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A Novel Wearable Antenna Array for 2.

45 GHz
WLAN Application

Md. Rashidul Islam Mohammod Ali*


Department of Electrical Engineering Department of Electrical Engineering
University of South Carolina University of South Carolina
Columbia, South Carolina, USA Columbia, South Carolina, USA
islammr@email.sc.edu alimo@cec.sc.edu

AbstractA three-element wearable antenna array is introduced body-worn applications are considered. Only a single port is
for operation at 2.45 GHz. Using varactor controlled parasitic required in a parasitic array as opposed to multiple ports used
elements near a driven folded dipole a scanning angular range of in a phased array. A parasitic array precludes the requirement
95 can be achieved in the azimuth plane. Simulation results of complex and costly phase shifter networks [12]. Moreover
confirm that the peak gain of the array is 6.9 dBi when it is the integration of a parasitic array in textile garments would
placed at 20 mm above the chest of a heterogeneous anatomical create less implementation issues than that of a phased array.
human body model. Almost 30% improvement in radiation
efficiency is obtained with the parasitic array compared to a We propose a 2.45 GHz parasitic array composed of a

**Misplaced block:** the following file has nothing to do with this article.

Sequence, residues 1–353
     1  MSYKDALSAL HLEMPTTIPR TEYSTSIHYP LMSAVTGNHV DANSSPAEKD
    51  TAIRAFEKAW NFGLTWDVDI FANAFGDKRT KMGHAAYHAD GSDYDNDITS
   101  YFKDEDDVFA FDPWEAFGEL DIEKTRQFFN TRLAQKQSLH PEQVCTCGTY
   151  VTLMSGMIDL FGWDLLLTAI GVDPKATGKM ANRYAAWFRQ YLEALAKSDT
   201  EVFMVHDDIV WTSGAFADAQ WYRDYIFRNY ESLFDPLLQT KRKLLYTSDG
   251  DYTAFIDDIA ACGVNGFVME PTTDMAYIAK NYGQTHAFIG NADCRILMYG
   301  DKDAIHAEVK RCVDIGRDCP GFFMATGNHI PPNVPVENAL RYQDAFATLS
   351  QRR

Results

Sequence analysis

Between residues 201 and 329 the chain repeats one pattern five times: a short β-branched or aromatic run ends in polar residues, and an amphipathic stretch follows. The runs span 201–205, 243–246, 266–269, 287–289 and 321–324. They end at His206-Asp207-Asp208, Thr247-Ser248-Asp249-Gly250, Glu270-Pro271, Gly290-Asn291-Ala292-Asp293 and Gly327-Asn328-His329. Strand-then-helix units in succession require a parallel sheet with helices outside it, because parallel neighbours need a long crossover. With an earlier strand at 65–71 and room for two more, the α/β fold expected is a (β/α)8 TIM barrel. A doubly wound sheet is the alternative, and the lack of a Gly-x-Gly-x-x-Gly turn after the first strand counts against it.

single resonant antenna. Also the new antenna array results in driven folded dipole and two parasitic V-shaped dipoles. Most
much lower specific absorption rate (SAR) compared to a previous researchers used microsrtip patch antennas mainly
conventional resonant /2 dipole antenna. because of its high gain, low back radiation and nearly un-
altered radiation efficiency in the presence of a human
Keywords-Body-worn antenna; parasitic array; anatomical phantom. These performance parameters were achievable due
body model ; specific absorption rate (SAR) to a large ground plane present beneath the patch. In this paper
we show that a parasitic antenna array with its smaller footprint
I. INTRODUCTION is capable of providing controlled antenna gain, significantly
Antennas for body-centric communication systems have lower back radiation and higher efficiency compared to a single
recently been studied extensively because of their applications resonant dipole antenna. We use a real anatomical human body
in bio-telemetry, body area networks (BAN) and personal area model to compare the performance of the antenna in the
networks (PAN) [1]-[4]. Of interest are wearable antennas presence of a user/wearer.
designed for various communication systems for patients,
rescue workers such as paramedics and fire-fighters, sports and This paper is organized as follows. First, the antenna
entertainment, astronauts and military personnel [1], [5], [6]. geometry and design are explained. Second, HFSS [13]
simulated free space radiation patterns and VSWR performance
The development of conductive textile materials has made are described. Finally, the performance and exposure issues are
it possible to integrate antennas into clothing and thus creating studied in the presence of an anatomical body model using a